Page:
Then Sheriff Blackstone had him turn as he patted him down for other weapons. “Garvey, you should have told me you had the knife!”
“Sorry, Sheriff, I didn’t mean anything by it. It’s on my other belt, and I got used to the feel of it.”
“Well, I have to take it until we leave.”
Garvey thought she looked good considering everything that had happened, a bit gaunt and gray in the wrinkled elderly face if anything, but the blue eyes were still sharp and bright below her white hair and flowered house cap.
Then there was the sound of wagon wheels churning through the mud and the slopping clock of horse hooves as Deputy John Humboldt drove to the front gate with Henry Green already on the seat beside him.
“Well, Garvey,” said the sheriff, we’ll be leaving the rest of that pot of coffee and the farm to you. The deputy and I have to get Henry and Milicent to the jail for their own good, and just because it’s the law. Don’t worry, we’ll take good care of them. We think a lot of them too.”
Garvey followed the others to the wagon, and helped Milicent in. “Don’t fret about anything, Uncle Henry, or you either, Aunt Milicent. I’ll feed your horses, cattle, pigs and chickens, and check everything several times a day to make sure nobody’s messing around here to take advantage of the situation. I came prepared. The relatives probably know all about it before our little cousin gets there, bless her heart having to go through something like this because of someone like that. I should have been here to shoot him myself. Anyway, you take care, me and August and the folks love you both.”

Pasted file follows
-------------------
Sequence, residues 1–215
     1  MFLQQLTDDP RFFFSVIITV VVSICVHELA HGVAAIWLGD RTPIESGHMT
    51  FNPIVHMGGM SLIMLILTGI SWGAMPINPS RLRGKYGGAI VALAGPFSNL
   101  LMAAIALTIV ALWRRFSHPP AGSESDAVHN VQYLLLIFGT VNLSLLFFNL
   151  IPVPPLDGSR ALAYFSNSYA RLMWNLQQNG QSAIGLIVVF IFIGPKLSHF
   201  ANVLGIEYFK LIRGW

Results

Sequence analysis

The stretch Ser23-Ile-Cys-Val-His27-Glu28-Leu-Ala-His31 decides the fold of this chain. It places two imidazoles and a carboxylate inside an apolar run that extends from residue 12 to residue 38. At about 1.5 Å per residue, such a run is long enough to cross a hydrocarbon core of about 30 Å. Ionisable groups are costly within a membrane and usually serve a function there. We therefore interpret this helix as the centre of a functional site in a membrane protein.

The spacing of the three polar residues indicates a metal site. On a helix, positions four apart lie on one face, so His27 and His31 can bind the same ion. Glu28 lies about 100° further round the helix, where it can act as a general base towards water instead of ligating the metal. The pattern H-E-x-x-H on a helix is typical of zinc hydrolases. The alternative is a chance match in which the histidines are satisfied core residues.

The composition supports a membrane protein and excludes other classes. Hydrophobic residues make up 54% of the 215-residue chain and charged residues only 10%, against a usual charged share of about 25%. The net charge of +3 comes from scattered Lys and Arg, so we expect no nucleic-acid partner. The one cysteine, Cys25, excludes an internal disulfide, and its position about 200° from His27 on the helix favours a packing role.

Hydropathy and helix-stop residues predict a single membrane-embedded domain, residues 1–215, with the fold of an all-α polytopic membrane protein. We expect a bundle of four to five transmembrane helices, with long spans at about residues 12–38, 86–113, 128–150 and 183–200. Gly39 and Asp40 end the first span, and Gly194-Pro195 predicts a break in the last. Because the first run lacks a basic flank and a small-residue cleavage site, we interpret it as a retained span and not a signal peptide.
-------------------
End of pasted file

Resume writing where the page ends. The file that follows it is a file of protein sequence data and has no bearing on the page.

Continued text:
Henry didn’t look as good to him. His eyes were swollen and red, set in big black circles on his round face. As a matter of fact, he seemed a little pathetic slumping wearily in the seat with the cold rain running off the brim of his hat. It seemed like the county ought to be able to afford a better cover on its wagon.
“Tell you what, Garvey,” said Sheriff Blackstone. “Raise your hand, and I’ll deputize you right quick. I’ll put it in the books when I get to town. That way if you shoot somebody thieving around here, it’s legal. You’ll just have to come to file a report with me.”
That night as the sun went down, as Milicent and Henry Green settled down in adjoining cells after eating meals of beef stew, August Oliphant rode his tired horse in at the home of Hank and Erma Hembel.
They were home, and after everything was explained twice over, Erma began to make up the extra room for Agnes with a pretty calico quilt on the bed with a doll that once had belonged to her daughters. August explained, “I saw them coming with the wagon a couple of hours back. Agnes was already asleep, just like a baby, with her chin down between the Boggelmans’.”
Hank Hembel wasted no time. He was the first person in the clan to own a motor vehicle, and he started up his Ford truck with the flat bed to begin the drive from farm to farm, arousing all of the men who might want to go with him to the trial. When they gathered the morning before the trial, there were 14 of them to take turns riding with their bed-rolls and lunches on the flat bed or in the truck cab with Hank. They would all get off to wade if they had to if the truck seemed to get boggled down crossing creeks. They would all have to push if the wheels got to spinning in the mud. They all agreed that it was nice to have the speed of the truck, but it had a long way to go in replacing horses in rough country.